When it comes to Medicare, change is practically a given. So, it comes as no surprise that there are some fairly significant Medigap changes coming in 2020. In short, two plans, C and F, won’t be available to new beneficiaries as of January 1. But what happens if you already have one of these Medicare Supplement plans? Keep reading to find out.
Why Medigap Plans C and F Are Going Away
In 2015, Congress passed H.R. 2, the Medicare Access and CHIP Reauthorization Act of 2015. One provision of this law forbids Medigap policies from covering the Medicare Part B deductible. Two Medigap plans, C and F, include the Part B deductible in their benefits. The law goes into full effect in 2020, which is why people turning 65 in 2020 will not be able to buy Plan C or F.
Although you can sign up for Medicare beginning three months before your 65th birthday, you are not eligible for Medicare Supplement Insurance until you are both aged 65 AND enrolled in Medicare Part B. This is why you cannot purchase Plan C or F if you turn 65 in 2020, even if you enroll in Medicare in 2019.
Can You Still Choose Medigap Plan C or F in 2019?
If you turn 65 before 2020, then yes, you may purchase Plan C or F in 2019. However, just because you can purchase one of these plans doesn’t mean that you should.
Although monthly premiums usually go up from one year to the next, history shows us they rise much higher after a plan goes away. The reason is that new people – i.e. people who are younger and healthier and therefore use the plan’s benefits less – are no longer joining. That regular influx of “new blood” is what helps keep costs down. Without new members, premiums tend to rise quickly.
What Happens if You Already Have Plan C or F?
If you already have Medigap Plan C or F, you get to keep your plan. However, you will probably experience the premium hikes referenced above.
You can change to another Medigap plan. However, please note that you will have to undergo the medical underwriting process. This allows the private insurance companies that offer Medicare Supplement plans to charge more or even refuse to sell you a plan altogether.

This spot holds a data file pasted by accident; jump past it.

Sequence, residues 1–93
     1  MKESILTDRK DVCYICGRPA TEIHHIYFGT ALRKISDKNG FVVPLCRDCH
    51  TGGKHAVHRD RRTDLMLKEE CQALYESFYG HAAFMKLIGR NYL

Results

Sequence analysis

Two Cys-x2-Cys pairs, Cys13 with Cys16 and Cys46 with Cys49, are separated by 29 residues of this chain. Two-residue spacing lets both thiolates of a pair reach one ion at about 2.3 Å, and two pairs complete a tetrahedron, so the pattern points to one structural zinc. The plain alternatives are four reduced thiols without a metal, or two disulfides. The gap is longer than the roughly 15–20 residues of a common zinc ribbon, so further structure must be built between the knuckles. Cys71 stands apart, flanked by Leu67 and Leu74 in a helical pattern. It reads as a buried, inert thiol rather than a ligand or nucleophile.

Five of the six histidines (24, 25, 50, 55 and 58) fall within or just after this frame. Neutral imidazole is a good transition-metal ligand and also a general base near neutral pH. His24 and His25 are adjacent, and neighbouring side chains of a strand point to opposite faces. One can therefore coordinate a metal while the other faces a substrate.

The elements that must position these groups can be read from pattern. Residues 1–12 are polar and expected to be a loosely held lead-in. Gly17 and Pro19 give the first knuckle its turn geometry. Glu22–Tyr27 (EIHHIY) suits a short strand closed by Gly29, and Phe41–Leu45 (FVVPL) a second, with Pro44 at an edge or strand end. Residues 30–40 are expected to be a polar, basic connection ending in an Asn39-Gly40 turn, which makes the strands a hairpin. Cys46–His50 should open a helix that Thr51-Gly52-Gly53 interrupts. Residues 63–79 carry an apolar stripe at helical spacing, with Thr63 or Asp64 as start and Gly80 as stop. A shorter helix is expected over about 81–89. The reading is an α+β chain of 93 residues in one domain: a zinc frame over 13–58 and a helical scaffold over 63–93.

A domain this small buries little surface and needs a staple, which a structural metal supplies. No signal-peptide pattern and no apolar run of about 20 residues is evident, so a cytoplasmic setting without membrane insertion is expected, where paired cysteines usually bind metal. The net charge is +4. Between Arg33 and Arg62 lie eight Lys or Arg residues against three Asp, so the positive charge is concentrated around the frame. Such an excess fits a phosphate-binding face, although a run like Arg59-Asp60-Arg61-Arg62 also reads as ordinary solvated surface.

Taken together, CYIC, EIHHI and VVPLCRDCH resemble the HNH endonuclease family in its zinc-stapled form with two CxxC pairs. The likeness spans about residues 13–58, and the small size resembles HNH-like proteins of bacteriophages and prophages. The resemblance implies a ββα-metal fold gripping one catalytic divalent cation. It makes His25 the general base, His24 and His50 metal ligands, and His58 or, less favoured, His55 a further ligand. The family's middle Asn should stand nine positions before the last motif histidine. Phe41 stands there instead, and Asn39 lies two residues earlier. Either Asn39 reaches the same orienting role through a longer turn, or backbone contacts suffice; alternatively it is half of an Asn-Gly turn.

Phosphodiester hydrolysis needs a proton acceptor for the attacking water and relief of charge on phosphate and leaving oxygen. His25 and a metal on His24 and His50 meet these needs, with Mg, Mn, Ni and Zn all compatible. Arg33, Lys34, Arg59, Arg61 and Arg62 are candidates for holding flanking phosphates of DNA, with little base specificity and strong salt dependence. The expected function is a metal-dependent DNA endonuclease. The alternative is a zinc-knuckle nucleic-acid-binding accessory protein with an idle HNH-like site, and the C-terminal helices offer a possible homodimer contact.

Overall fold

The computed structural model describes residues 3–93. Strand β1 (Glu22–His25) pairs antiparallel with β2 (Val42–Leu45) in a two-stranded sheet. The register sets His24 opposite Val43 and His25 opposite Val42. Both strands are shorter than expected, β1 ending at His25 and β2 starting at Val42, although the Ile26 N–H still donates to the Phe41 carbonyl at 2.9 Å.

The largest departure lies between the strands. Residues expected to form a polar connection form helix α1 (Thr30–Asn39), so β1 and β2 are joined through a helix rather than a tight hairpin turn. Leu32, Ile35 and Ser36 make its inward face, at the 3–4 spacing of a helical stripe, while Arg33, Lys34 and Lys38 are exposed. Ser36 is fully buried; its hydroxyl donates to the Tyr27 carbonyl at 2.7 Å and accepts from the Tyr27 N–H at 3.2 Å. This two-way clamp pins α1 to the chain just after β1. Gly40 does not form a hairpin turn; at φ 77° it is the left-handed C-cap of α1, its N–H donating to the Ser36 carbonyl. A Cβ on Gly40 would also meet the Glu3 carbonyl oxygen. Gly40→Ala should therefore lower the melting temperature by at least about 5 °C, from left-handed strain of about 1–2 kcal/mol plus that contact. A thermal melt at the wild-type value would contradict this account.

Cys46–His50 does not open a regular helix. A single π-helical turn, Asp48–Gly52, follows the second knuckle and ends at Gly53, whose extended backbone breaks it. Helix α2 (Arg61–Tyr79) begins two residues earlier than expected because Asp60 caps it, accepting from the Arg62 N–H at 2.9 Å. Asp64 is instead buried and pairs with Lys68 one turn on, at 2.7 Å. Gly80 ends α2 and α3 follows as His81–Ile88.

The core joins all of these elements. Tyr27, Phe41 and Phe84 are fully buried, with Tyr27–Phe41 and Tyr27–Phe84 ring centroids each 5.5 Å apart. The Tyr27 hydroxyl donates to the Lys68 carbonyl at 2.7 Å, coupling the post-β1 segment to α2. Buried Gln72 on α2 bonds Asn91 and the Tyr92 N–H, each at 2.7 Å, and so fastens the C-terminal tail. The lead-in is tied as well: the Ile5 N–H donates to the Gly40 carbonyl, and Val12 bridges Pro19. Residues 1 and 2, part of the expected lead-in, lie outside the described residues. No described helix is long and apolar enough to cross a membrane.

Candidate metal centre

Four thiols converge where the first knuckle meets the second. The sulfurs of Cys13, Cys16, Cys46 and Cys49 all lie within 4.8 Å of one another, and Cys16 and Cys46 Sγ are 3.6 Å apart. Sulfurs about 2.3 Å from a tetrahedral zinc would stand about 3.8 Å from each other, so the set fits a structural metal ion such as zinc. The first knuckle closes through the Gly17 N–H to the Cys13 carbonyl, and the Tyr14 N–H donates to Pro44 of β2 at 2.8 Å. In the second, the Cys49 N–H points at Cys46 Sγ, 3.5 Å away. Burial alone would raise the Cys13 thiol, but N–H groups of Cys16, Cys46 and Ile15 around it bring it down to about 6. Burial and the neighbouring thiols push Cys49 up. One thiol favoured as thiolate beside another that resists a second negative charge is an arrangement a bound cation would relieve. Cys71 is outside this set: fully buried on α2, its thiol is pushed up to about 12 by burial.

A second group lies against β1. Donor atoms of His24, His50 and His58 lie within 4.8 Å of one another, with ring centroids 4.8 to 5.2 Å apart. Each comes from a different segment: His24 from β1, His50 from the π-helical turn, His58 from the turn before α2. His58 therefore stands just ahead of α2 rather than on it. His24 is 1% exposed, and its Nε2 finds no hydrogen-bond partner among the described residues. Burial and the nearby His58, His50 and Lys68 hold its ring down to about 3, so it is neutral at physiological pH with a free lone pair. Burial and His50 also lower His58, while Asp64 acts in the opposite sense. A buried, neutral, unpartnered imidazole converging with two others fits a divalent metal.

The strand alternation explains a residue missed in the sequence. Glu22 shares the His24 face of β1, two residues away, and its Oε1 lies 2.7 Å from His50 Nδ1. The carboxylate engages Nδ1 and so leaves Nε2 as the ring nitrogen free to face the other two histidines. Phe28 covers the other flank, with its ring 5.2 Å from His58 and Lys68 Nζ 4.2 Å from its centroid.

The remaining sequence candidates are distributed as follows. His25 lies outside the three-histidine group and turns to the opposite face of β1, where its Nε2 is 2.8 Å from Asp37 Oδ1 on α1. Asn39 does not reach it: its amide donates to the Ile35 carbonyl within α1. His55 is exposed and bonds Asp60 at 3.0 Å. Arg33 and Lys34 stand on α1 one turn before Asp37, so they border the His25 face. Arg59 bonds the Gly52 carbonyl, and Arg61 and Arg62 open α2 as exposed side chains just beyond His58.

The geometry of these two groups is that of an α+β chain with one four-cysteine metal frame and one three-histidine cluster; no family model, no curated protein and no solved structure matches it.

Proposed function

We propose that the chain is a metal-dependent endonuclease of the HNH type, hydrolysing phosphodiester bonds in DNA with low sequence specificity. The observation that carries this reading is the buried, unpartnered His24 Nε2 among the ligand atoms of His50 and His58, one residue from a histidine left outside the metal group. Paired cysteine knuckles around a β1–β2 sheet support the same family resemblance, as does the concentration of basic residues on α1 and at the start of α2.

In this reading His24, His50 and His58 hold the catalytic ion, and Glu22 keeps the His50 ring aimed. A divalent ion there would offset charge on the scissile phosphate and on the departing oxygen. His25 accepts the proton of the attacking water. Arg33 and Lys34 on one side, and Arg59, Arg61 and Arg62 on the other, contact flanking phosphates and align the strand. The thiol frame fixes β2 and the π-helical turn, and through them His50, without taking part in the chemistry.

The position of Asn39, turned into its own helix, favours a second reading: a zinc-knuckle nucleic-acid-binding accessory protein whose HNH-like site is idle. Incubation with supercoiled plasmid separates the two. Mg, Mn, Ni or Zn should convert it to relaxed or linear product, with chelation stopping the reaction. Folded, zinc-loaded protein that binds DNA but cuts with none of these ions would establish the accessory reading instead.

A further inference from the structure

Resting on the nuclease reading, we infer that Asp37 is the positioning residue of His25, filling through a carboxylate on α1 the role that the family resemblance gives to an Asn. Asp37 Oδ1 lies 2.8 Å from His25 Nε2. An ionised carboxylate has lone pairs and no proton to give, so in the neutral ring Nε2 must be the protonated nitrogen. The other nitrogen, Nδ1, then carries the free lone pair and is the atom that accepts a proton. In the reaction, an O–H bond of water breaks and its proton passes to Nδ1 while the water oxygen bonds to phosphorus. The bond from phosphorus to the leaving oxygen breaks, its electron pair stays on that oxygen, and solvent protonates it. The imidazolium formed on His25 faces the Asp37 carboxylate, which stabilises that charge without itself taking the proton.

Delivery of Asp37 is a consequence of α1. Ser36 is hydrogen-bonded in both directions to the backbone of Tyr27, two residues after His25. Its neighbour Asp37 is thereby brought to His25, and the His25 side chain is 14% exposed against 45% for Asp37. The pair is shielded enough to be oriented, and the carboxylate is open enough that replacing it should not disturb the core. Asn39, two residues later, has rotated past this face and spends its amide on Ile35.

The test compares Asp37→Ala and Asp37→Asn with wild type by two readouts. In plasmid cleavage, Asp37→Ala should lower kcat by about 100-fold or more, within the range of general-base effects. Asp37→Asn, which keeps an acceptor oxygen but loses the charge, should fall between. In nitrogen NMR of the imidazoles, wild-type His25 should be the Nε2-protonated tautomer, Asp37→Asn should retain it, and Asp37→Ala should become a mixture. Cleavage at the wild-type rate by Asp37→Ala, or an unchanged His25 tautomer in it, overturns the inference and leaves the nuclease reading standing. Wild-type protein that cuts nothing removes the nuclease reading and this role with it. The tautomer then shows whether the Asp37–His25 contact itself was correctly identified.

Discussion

What Does Medigap Plan G Cover?
If Plan F is the “Cadillac plan” as many people claim, perhaps Medigap Plan G should be referred to as the “Mercedes plan.” It covers everything Plan F does (except the Part B deductible) but nearly always at a lower premium. That means that your total out-of-pocket costs are usually lower with Plan G than with Plan F.
Plan G covers the following items:
- Part B co-insurance and co-pays
- First three pints of blood in a transfusion
- Part A co-insurance for hospice care
- Co-insurance for care received in a skilled nursing facility
- Part A deductible
- Excess charge for Part B
- 80 percent of care received in a foreign country
Like all Medigap plans, Plan G also covers your Part A co-insurance and gives you an additional 365 days of covered hospital care.
Medigap Guaranteed Issue Rights
If you want to avoid medical underwriting, you need to purchase your Medigap plan within the first six months you have Part B. However, you also avoid underwriting if you qualify for guaranteed issue rights. That link takes you to the full list of qualifying situations and rights. But we would like to explain trial rights. These apply if:
- You had a Medigap plan and left it to join a Medicare Advantage plan for the first time. If you return to Original Medicare within 12 months, you can return to your previous Medigap plan if your previous insurance company still sells it.
- You joined an Advantage or PACE plan when you first became eligible for Medicare AND you decide to switch to Original Medicare within the first year.
Again, the link above describes all of the situations, rights, and when you can apply for a Medigap policy.
What to Consider When Choosing a Medicare Supplement Insurance Plan
Please note that you can only purchase Medicare Supplement Insurance if you have Original Medicare (Parts A and B). Medigap is not available to anyone enrolled in a Medicare Advantage plan.
When comparing your Medigap plan options, don’t look at just the monthly premium. Instead, consider how often you use your healthcare benefits. This is because the plans with lower premiums cover fewer services. That means that, if you go to the doctor often, you’ll likely pay more out-of-pocket than you would have if you’d chosen a plan with a higher premium but better coverage.
Also remember the medical underwriting criteria. If you want to change to a more robust plan later, you may find it impossible to make the switch. Or, you may face higher premiums due to health issues.
This process can be incredibly confusing. The licensed agents at Medicare Solutions are here to help and it won’t cost you a penny. Call us toll-free at 855-350-8101 (TTY 711) to get started or look for a plan today.
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